Navy F-35 squadron holds ceremony for new chiefs

  • Published
  • By Kevin Gaddie
  • Team Eglin Public Affairs
Four Strike Fighter Squadron 101 Sailors were formally advanced to chief petty officer at the squadron's first chief petty officer pinning ceremony here Sept. 14.

Members of VFA-101, the Navy's first F-35 squadron, gathered to witness new chief petty officers Robert Powell, John Adair, Chris Cid and Roberto Sanchez, make the formal transition from working uniforms and utility covers to khakis, chief's anchor collar devices and matching khaki-colored combination caps.

"In the Navy, we separate very distinctly between an E-6 and an E-7," said Chief Petty Officer Sean Belt, the leading chief for VFA-101's aviation maintenance administration division. "They're chief petty officers. They're never referred to as E-7s, because it's such a monumental leap for a Navy enlisted man or woman's career. They go from middle leadership to senior leadership. They wear a completely different uniform and are treated differently. To become part of this brotherhood, what we consider to be the largest fraternity in the world, it doesn't get any bigger in a Navy enlisted person's career."

Before the pinning ceremony, the new chiefs went through a six-week induction process, which focused on leadership, management, team building and standards enforcement. They also received information on naval traditions and heritage, physical fitness and programs and policy.

Each chief was guided through the process by a sponsor, a more experienced chief who participated in an induction prior to his or her own pinning.

All aspects of the pinning ceremony, from a detailed explanation to the audience about the significance of becoming a Navy chief, to pinning on the collar devices and the sponsor's meticulous placement of the combination cap on the new chief's head, were treated with respect and reverence for the tradition.

VFA-101's joint military command is the first duty assignment where the four new chiefs will begin facing the many challenges of senior leadership.

The squadron, a component of the 33rd Fighter Wing, stood up in October 2010. The 'Grim Reapers' are made up of 52 Navy, Air Force and Marine Corps personnel, responsible for providing training curriculum and maintenance support to its F-35C pilots and aircraft.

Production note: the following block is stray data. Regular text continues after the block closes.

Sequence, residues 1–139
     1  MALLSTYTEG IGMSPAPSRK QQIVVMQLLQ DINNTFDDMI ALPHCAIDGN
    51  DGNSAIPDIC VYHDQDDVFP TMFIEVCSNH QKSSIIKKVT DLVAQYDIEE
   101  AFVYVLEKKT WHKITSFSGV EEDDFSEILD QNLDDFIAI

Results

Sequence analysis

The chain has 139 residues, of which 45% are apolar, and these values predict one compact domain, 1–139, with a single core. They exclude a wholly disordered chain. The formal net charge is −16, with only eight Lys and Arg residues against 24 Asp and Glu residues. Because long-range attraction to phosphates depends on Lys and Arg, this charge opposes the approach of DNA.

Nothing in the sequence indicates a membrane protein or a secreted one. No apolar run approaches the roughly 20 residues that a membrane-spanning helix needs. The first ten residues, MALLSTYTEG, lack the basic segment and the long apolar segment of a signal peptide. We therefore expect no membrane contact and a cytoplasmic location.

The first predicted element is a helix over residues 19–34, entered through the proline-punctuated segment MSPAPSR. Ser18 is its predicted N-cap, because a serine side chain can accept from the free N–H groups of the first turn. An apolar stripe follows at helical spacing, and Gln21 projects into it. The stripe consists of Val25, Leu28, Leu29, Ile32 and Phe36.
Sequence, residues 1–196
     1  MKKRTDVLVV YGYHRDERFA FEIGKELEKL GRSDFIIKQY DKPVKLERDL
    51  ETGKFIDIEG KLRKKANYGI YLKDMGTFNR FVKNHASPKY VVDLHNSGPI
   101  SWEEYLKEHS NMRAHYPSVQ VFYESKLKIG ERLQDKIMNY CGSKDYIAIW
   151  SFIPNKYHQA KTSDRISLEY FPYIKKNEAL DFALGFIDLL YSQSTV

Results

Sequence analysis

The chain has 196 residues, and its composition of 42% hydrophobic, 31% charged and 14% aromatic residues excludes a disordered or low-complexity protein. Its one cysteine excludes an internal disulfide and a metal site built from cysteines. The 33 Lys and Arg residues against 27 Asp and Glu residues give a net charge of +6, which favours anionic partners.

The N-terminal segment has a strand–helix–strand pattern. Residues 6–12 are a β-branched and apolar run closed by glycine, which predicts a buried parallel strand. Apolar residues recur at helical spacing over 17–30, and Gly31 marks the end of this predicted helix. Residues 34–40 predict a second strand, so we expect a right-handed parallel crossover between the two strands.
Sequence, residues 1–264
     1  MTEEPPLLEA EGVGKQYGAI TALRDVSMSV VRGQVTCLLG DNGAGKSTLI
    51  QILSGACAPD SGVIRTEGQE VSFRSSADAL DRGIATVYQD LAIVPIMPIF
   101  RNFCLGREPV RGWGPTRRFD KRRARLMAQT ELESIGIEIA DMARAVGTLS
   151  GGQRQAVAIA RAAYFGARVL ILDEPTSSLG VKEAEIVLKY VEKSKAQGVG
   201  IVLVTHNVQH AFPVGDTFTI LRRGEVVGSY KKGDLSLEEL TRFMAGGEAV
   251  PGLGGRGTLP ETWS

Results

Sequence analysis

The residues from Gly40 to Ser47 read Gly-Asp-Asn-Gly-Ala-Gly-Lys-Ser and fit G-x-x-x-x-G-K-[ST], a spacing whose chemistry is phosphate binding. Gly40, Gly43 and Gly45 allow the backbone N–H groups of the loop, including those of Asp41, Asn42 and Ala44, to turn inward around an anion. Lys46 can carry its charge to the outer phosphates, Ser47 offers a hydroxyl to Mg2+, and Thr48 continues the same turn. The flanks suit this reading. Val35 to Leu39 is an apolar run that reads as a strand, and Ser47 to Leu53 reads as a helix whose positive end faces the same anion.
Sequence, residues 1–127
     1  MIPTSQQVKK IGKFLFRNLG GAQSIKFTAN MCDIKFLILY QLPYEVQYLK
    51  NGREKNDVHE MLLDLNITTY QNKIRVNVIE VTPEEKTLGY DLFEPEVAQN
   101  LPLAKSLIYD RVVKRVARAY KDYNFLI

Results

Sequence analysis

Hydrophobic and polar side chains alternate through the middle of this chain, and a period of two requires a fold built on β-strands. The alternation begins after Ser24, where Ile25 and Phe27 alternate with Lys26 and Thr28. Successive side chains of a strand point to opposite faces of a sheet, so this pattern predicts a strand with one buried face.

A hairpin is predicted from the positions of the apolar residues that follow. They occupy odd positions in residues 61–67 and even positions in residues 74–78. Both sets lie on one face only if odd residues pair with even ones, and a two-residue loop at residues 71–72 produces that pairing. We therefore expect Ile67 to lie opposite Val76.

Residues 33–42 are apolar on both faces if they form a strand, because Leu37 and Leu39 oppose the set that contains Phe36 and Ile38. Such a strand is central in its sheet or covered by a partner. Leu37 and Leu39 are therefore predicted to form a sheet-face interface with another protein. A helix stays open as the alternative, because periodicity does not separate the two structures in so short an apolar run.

Adair, an aviation electronics technician responsible for an aircraft's electrical system maintenance, realized the full weight of the career turning point.

"It's a big change, going from middle management to senior management," said the 14-year veteran. "There's not really anyone to fall back on now. Before, if I had a question and I didn't have the answer, I could go ask 'the chief.' Now I am 'the chief.' Now I have to use my knowledge and experience, as well as rely on my brothers and sisters in the chiefs' ranks, to help me out."

Belt said VFA-101's first pinning ceremony brought other joint organizations together to help recognize and roll out new leadership.

"We're extremely happy to be doing this for the first time ever - to have this first pinning ceremony here, as we're standing up VFA-101," he said. "We united all the chiefs' messes between Naval School, Explosive Ordnance Disposal, the F-35 Academic Training Center, and VFA-101's Fleet Integration Team as a group, to get these brand new chiefs through our induction process and trained to be chief petty officers."

VFA-101 also invited two fellow joint servicemembers who showed an interest in the Navy tradition to participate in the induction process and the pinning ceremony and become honorary chiefs.

After receiving approval from the Navy's Fleet Forces Command, Gunnery Sgt. David Hill and Sgt. 1st Class Todd Wilson, instructors at Naval School, EOD, completed the induction process and were pinned with their Navy counterparts.

The induction process and ceremony gave Wilson a deeper understanding of one of the Navy's most sacred customs. He called it 'going from sergeant first class to sergeant first chief.'

"This ceremony is special to me because as an Army guy, we don't get the opportunity to do something like this," he said. "EOD school is a joint environment, and we work closely with the Navy. This recognition provides me a better way to support my fellow Navy EOD techs. The fact that I completed six weeks of induction training and my fellow Navy chiefs accept and embrace me as one of their own makes this pretty special."

At the conclusion of the ceremony, the four chief selectees and the two honorary participants marched in single file to the red carpet, adorned with ceremonial bullets and lined with six posted chiefs, three on each side, to serve as ceremonial sideboys.

The sharp call of the boatswain's whistle prompted each new chief to walk the length of the carpet, with salutes in unison rendered by both the new chief and the sideboys.

The walk concludes the time-honored transition process and signifies the beginning of permanent membership in the Navy's chief community.